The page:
Most definitely I think the past year has taught us many, many lessons, but that preparedness for change, those life intersections and those junctions that we come to. It’s particularly pertinent given the experience that we have had over the past year.

Further to those initial comments on Essential Finance, why is planning your finances so important in the long run?

It seems to be a real given today that we must be all financially literate. But from your perspective, and with your experience, why is it so crucial? Particularly for the UK and Australian ex-pats or repatriates?

Bringing clarity to people’s situations and helping them to really define what is important to them, can give them an idea of what is possible. Life can be exciting, full of adventure. When we speak with clients, we find it’s important to dream big, and then realize what’s possible.

We start with dreaming big, if that doesn’t look achievable, we can always pull the plan back a bit. But having that financial planning to understand what options are open is so important.

If someone starts a financial journey, we ensure they have basic fundamental building blocks in place to secure their financial future. That might be something as simple as ensuring an emergency fund in liquid assets. Also, that they have adequate insurances in place to protect their family should something happen, or should they lose the ability to work, or suffer a critical illness. Having those fundamental building blocks in place can really give you peace of mind.

Beyond that, you’re then looking at how do you fund your future. That’s putting investments in place, putting pension in place, etc. to help to build for the future. That can all provide a tremendous amount of peace of mind. It’s obviously really important for people’s mental well-being.

When we talk to people about their goals, some people might be securing financial freedom. Not having to work if they want to, or being able to afford to have a home in the UK, and Australia. Or spend a year travelling etc. Being able to look at their finances and really analyse what’s possible.

Planning with assets in a single country is hard enough. So, for those with assets in both countries, it’s even more complex. That’s where we specialize in helping people with links to the two countries. Helping them develop a plan and really make sure that their financial journey is a successful one.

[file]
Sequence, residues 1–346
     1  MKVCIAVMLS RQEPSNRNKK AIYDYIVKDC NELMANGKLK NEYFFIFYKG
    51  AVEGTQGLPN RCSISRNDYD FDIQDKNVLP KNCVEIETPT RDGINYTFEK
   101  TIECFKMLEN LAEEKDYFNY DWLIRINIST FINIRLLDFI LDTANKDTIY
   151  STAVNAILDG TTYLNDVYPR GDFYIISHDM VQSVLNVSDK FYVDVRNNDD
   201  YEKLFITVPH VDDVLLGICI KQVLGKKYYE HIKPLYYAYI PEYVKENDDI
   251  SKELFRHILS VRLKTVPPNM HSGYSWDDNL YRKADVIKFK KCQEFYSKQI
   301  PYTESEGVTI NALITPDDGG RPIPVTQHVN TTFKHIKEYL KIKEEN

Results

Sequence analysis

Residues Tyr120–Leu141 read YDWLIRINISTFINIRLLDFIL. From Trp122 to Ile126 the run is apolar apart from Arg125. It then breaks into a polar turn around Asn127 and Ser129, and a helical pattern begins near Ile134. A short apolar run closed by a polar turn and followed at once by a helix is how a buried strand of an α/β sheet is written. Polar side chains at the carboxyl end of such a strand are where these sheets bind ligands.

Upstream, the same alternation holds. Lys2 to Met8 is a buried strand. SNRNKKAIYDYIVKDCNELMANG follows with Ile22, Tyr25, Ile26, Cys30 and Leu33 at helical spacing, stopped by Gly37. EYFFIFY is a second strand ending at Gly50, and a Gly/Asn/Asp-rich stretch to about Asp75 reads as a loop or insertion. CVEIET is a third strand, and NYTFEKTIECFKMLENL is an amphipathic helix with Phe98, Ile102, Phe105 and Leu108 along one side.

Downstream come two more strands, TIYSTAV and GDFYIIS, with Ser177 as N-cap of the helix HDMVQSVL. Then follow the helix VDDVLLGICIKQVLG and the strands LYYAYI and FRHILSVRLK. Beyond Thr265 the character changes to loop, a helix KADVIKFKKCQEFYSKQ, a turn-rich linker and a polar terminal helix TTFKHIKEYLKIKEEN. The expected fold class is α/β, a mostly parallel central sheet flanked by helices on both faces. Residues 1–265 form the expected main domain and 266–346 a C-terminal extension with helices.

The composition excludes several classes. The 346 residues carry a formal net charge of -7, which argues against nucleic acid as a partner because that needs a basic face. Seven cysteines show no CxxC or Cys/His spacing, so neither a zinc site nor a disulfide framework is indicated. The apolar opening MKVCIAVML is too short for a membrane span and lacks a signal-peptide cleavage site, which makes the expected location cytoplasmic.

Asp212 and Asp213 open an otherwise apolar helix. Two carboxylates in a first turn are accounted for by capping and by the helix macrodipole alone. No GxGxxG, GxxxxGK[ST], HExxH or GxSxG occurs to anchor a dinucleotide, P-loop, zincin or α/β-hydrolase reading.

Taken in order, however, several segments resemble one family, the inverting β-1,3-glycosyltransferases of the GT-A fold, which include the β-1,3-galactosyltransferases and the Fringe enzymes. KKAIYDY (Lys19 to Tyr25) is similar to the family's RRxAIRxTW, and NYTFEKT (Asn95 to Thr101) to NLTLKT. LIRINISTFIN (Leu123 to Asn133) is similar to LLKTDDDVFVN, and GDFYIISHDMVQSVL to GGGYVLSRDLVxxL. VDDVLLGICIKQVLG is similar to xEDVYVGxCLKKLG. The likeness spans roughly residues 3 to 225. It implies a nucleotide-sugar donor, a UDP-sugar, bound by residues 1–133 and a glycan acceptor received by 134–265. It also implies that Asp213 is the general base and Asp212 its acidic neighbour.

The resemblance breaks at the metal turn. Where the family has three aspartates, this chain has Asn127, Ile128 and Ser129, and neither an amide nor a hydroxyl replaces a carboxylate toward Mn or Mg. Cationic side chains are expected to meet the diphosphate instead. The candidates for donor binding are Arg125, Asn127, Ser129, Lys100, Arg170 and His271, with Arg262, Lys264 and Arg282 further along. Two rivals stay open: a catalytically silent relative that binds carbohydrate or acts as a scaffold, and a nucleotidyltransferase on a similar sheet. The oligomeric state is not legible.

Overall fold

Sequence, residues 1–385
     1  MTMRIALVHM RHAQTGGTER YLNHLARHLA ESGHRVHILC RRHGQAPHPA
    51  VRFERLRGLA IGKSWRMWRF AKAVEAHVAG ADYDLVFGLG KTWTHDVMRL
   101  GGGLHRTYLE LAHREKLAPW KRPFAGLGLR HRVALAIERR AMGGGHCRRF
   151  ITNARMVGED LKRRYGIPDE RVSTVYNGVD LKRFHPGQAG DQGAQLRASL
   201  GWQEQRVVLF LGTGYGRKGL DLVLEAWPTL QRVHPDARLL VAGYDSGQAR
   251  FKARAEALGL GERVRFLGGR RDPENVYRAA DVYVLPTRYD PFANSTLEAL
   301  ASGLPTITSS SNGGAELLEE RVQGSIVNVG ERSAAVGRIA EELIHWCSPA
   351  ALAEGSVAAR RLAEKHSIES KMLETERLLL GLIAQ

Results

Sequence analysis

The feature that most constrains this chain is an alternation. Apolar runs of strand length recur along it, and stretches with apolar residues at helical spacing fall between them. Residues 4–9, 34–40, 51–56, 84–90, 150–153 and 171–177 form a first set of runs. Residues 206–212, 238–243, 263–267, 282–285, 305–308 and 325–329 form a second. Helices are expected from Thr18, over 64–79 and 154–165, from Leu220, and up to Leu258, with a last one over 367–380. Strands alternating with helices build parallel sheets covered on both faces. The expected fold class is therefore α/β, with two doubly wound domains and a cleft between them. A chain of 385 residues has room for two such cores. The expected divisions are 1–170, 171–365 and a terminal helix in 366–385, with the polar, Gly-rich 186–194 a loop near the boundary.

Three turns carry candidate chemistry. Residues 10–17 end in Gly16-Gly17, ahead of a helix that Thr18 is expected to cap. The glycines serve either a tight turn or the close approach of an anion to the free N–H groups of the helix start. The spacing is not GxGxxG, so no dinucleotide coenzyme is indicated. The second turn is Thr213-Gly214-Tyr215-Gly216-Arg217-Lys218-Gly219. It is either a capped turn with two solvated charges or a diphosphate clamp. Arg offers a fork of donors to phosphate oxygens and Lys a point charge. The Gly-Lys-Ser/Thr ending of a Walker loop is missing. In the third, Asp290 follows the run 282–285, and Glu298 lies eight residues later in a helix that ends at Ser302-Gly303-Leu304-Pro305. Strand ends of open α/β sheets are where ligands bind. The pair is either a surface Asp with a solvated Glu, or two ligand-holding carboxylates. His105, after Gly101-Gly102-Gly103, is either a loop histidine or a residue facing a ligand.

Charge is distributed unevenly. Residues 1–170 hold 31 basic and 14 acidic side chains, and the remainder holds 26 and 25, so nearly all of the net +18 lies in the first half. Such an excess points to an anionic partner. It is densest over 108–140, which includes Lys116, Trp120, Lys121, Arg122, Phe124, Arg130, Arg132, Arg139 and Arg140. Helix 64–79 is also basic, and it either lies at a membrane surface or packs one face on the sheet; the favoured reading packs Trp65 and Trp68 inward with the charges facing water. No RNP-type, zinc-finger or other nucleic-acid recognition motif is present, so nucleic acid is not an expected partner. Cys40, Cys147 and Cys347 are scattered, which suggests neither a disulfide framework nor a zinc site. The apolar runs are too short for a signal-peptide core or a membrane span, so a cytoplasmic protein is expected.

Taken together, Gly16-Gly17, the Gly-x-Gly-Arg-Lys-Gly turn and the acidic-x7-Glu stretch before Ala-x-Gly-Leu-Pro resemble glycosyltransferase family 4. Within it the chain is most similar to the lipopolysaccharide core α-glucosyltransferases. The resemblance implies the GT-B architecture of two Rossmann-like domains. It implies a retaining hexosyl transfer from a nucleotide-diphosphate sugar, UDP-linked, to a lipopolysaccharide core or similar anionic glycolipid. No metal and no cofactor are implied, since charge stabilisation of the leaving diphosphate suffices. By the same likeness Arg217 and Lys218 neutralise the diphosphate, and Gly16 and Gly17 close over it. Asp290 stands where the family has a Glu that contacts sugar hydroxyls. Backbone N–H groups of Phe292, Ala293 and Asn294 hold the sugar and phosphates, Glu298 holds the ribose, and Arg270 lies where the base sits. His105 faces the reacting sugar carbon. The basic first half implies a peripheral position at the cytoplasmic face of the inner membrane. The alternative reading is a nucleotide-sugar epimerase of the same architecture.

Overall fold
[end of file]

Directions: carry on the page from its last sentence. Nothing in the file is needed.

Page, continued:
Your comment before about the short and long term, where you’ll spend your life for large chunks of time is really pertinent. I think, particularly in the context of our network and our membership base and having an eye on the market is exactly why we need services such as yours.

We’ve seen time and time again, with our clients. Often, parents follow their children down to Australia or vice versa. You’ve got those family connections that are dragging you back to the UK, but you’ve made your home in Australia. So it’s a really difficult situation that we often see for our clients and it’s now helping them to understand what is and isn’t possible.

Putting those really strong foundations in place, I think is really key. It’s a good place to start for anyone. But can you shed any light on the ‘where and the how’ for our network in regards to that initial phase of financial planning?

Sure, so after we’ve defined the client’s goals, we’ll sit down with them and look at the current assets and current liabilities, but also their income and expenditure. Having positive cash flow is obviously absolutely key because that’s what enables you to start to build assets or ensuring that you’ve got positive cash flow.

For most people at the start of their journey that cash flow will be through their employment income or business income. Then we use that positive cash flow to start to accumulate assets. That might be in pension or super or other investments.

Over time, we’re looking to build assets, so that those assets themselves, provide cash flow. Eventually, clients will get to the stage where they have that financial freedom, where those assets are sufficient to then provide them with an income stream for their lifetime.